10. A complete file containing the above-described documents for each private placement should be maintained as part of the brokerage firm’s records.
  11. Escrow Account – Private Placements Only

The federal securities law (the Exchange Act) is very specific with respect to the required treatment of an escrow account maintained in an “all or none” or “part or none” offering.

The rules applicable to “all or none” or “part or none” offerings relating to the maintenance of an escrow account for a given offering are Rules 10b-9 and 15c2-4 of the Securities Exchange Act of 1934. Rule 10b-9 requires, in general, that in an “all or none” or “part or none” offering (as opposed to a “best efforts” offering) monies paid for the purchase of securities must be returned to the investors if the specified number/dollar amount of securities is not sold within a specified time. In other words, the “all or none” or “part or none” private placement offering requires specification of the number of securities and the time of the selling period.

Both Terms Must Be Adhered To

Rule 15c2-4 requires, in general, that the monies received from investors be deposited into a separate segregated bank account (Independent Bank as Escrow Agent) and held for the investor’s benefit until the “all or none” or “part or none” terms have been complied with. If the terms of the offering are met, the money is to be transmitted to the issuer. If not, the monies are to be returned to subscribers.

The specific procedures to be followed in the handling of escrow accounts for “all or none” or “part or none” transactions are as follows:

  1. When an “all or none” or “part or none” offering is commenced, an escrow agreement shall be created. This document should be executed by the brokerage firm and the bank. The brokerage firm is required to keep a copy of all escrow agreements on file to demonstrate compliance with Rule 15c2-4.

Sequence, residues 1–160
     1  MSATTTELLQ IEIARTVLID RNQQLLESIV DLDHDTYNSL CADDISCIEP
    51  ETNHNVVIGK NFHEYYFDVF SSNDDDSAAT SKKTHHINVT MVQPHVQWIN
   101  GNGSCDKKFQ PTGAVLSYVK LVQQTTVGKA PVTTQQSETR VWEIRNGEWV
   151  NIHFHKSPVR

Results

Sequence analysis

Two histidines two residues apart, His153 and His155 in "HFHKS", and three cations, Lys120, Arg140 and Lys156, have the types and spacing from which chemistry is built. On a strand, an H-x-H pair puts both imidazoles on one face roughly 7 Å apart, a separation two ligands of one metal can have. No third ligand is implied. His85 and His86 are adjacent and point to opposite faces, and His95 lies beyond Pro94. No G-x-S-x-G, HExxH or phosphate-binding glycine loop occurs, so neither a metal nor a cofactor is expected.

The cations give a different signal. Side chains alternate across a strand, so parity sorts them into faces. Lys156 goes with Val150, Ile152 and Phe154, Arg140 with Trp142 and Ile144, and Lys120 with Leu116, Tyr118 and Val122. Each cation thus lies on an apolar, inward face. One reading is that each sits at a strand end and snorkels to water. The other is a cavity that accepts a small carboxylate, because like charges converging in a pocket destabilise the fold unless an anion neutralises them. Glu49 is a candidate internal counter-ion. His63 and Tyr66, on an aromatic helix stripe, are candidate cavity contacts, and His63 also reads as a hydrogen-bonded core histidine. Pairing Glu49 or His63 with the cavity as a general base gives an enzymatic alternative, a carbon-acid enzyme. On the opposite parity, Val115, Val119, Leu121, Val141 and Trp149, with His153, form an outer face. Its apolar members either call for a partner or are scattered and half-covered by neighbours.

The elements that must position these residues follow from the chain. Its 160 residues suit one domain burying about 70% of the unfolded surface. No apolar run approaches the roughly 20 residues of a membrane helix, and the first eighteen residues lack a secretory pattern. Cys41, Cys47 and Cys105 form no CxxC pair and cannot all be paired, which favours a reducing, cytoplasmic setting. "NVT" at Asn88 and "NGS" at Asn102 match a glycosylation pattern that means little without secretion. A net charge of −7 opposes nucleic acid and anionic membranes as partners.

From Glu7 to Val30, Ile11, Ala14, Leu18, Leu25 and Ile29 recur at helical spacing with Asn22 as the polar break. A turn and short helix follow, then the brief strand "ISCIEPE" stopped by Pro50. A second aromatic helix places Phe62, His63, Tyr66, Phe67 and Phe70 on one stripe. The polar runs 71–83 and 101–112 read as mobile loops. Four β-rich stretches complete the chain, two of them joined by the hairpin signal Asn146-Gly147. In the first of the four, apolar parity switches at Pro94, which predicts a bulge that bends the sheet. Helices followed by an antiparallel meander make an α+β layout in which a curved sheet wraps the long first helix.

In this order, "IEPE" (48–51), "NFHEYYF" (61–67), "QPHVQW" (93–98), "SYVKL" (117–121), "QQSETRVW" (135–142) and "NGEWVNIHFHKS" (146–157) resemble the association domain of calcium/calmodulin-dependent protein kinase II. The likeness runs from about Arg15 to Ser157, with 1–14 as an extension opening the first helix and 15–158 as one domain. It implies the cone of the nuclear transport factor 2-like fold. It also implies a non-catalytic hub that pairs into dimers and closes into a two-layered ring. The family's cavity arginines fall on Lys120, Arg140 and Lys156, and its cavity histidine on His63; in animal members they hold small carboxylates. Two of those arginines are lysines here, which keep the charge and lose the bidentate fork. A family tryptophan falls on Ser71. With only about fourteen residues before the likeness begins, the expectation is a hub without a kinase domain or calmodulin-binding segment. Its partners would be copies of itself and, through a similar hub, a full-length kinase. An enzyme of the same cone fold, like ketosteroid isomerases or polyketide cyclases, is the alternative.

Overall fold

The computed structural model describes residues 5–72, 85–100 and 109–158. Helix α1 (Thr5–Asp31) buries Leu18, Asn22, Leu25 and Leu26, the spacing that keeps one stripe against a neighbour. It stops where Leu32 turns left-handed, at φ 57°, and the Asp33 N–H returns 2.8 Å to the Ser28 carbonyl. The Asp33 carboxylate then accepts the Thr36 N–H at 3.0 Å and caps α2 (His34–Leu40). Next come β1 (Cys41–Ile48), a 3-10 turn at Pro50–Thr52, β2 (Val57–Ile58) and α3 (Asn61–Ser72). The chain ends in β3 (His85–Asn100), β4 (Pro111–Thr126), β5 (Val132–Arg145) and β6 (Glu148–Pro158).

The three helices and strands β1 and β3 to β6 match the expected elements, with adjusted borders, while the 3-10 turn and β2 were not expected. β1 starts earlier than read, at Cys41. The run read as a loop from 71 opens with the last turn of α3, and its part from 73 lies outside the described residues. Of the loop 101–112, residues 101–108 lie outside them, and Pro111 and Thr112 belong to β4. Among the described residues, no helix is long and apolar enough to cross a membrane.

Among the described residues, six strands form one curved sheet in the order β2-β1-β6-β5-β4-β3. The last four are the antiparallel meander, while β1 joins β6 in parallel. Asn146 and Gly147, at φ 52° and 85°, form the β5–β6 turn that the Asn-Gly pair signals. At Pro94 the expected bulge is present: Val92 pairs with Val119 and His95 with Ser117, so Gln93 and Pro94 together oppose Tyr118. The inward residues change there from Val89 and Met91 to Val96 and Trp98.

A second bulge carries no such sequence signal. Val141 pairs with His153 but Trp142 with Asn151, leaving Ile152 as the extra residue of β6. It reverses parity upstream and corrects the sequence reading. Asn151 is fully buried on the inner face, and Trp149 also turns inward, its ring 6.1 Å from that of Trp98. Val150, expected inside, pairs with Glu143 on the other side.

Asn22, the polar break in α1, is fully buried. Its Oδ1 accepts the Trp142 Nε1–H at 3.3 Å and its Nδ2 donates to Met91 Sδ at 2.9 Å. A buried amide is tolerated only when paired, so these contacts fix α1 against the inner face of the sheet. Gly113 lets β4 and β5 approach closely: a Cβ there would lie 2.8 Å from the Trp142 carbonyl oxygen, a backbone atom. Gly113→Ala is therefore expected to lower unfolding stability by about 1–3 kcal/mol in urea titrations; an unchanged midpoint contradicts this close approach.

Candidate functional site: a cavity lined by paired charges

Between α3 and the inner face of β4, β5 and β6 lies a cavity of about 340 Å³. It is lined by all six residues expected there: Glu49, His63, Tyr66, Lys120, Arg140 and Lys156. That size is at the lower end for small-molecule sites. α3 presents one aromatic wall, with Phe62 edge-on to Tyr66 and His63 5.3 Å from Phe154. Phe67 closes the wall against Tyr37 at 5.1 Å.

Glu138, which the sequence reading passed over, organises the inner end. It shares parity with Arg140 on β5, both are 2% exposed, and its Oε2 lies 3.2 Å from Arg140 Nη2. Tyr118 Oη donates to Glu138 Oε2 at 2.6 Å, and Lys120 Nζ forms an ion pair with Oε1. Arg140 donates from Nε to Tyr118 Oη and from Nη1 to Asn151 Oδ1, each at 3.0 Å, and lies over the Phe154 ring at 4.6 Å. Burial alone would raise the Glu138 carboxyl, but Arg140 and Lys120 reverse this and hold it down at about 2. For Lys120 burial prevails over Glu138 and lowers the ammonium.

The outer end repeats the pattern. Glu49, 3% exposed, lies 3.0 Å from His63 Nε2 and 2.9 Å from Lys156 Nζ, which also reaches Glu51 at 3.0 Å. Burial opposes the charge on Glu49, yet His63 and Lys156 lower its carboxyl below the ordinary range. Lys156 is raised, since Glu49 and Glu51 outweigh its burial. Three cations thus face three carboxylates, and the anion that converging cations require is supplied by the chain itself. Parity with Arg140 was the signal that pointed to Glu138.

2. An escrow account should be opened by the bank. The escrow account is governed by the escrow agreement. The account typically requires signatures of representatives of both the brokerage firm and the issuer before any checks can be issued from the account.
  3. Incoming monies should be deposited immediately into the escrow account, along with the purchaser’s name, address, social security number and number of shares/units.
  4. Upon the completion of the “all or none” or “part or none” terms of the agreement or upon the expiration of the specified time period, the escrow agent verifies that the terms of the escrow agreement have been or have not been met by the designated date and that the funds should be released from escrow.
  5. The issuer then transmits written confirmation stating that a determination has been made that the conditions of the escrow have or have not been complied with and request a release of the funds.
  6. Upon receipt of the written confirmation described above, the funds are transmitted to the proper entity or persons.
  7. The documentation created by these procedures is then retained in a segregated file for audit or regulatory review.
  8. In a “best efforts” offering, the brokerage firm is contractually bound to use its “best efforts” to place the securities with suitable investors. The brokerage firm will follow the procedures as outlined above regarding placement of subscriber’s funds in an independent bank escrow account.
Read More on PPM or Private Placement Memorandum:
  • PPM
  • Private Placements